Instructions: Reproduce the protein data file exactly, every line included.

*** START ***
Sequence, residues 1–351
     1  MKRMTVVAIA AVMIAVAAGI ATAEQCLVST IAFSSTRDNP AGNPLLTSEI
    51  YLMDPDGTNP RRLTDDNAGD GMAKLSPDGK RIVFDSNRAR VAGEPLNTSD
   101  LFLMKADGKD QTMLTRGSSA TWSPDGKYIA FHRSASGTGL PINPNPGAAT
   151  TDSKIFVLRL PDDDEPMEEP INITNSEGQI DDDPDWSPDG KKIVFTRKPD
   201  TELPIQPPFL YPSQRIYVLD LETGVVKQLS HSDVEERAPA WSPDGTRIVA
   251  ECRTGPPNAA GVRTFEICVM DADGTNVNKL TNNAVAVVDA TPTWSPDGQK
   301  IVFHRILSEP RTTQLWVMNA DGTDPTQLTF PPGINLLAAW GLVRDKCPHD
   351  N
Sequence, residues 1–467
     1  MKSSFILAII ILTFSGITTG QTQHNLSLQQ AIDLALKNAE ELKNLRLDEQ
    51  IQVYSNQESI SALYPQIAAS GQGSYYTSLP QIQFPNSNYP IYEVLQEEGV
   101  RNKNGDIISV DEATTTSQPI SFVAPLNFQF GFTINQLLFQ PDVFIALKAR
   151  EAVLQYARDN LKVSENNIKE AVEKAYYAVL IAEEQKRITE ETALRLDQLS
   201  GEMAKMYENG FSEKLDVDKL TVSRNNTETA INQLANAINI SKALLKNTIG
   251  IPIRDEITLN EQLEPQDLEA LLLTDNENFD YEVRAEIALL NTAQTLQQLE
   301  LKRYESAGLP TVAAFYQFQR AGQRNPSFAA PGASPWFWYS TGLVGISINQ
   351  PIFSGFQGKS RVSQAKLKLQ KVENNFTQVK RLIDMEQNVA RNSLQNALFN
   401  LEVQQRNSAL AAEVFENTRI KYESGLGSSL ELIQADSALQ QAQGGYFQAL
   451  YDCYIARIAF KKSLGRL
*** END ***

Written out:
Sequence, residues 1–351
     1  MKRMTVVAIA AVMIAVAAGI ATAEQCLVST IAFSSTRDNP AGNPLLTSEI
    51  YLMDPDGTNP RRLTDDNAGD GMAKLSPDGK RIVFDSNRAR VAGEPLNTSD
   101  LFLMKADGKD QTMLTRGSSA TWSPDGKYIA FHRSASGTGL PINPNPGAAT
   151  TDSKIFVLRL PDDDEPMEEP INITNSEGQI DDDPDWSPDG KKIVFTRKPD
   201  TELPIQPPFL YPSQRIYVLD LETGVVKQLS HSDVEERAPA WSPDGTRIVA
   251  ECRTGPPNAA GVRTFEICVM DADGTNVNKL TNNAVAVVDA TPTWSPDGQK
   301  IVFHRILSEP RTTQLWVMNA DGTDPTQLTF PPGINLLAAW GLVRDKCPHD
   351  N
Sequence, residues 1–467
     1  MKSSFILAII ILTFSGITTG QTQHNLSLQQ AIDLALKNAE ELKNLRLDEQ
    51  IQVYSNQESI SALYPQIAAS GQGSYYTSLP QIQFPNSNYP IYEVLQEEGV
   101  RNKNGDIISV DEATTTSQPI SFVAPLNFQF GFTINQLLFQ PDVFIALKAR
   151  EAVLQYARDN LKVSENNIKE AVEKAYYAVL IAEEQKRITE ETALRLDQLS
   201  GEMAKMYENG FSEKLDVDKL TVSRNNTETA INQLANAINI SKALLKNTIG
   251  IPIRDEITLN EQLEPQDLEA LLLTDNENFD YEVRAEIALL NTAQTLQQLE
   301  LKRYESAGLP TVAAFYQFQR AGQRNPSFAA PGASPWFWYS TGLVGISINQ
   351  PIFSGFQGKS RVSQAKLKLQ KVENNFTQVK RLIDMEQNVA RNSLQNALFN
   401  LEVQQRNSAL AAEVFENTRI KYESGLGSSL ELIQADSALQ QAQGGYFQAL
   451  YDCYIARIAF KKSLGRL